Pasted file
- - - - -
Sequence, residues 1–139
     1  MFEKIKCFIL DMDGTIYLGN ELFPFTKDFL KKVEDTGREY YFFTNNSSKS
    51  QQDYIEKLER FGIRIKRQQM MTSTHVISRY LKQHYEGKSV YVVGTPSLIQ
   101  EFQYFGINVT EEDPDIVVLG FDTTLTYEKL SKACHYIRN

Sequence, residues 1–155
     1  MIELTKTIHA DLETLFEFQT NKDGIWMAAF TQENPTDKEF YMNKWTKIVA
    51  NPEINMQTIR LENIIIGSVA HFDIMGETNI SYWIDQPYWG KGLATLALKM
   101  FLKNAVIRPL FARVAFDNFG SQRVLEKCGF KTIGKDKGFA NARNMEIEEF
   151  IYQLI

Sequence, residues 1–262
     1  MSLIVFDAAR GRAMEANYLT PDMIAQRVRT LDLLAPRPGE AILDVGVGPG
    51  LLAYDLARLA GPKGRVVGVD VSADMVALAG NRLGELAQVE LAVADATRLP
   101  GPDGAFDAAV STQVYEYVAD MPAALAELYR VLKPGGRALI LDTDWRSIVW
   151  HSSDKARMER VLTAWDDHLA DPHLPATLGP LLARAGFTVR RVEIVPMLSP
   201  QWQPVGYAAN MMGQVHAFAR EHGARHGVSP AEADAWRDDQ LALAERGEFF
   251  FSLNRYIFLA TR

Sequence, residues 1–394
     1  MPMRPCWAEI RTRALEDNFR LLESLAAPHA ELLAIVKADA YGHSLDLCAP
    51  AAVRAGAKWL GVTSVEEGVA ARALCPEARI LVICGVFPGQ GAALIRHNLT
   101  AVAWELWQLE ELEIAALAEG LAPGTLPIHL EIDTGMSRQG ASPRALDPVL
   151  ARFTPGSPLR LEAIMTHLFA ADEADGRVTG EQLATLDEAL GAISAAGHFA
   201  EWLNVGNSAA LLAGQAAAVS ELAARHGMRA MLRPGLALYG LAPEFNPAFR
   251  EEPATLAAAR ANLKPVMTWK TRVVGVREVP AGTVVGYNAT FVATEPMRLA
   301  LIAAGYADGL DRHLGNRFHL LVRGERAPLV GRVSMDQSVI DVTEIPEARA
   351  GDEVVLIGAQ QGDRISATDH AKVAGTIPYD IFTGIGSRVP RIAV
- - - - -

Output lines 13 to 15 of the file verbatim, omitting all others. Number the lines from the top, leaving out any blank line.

   101  GPDGAFDAAV STQVYEYVAD MPAALAELYR VLKPGGRALI LDTDWRSIVW
   151  HSSDKARMER VLTAWDDHLA DPHLPATLGP LLARAGFTVR RVEIVPMLSP
   201  QWQPVGYAAN MMGQVHAFAR EHGARHGVSP AEADAWRDDQ LALAERGEFF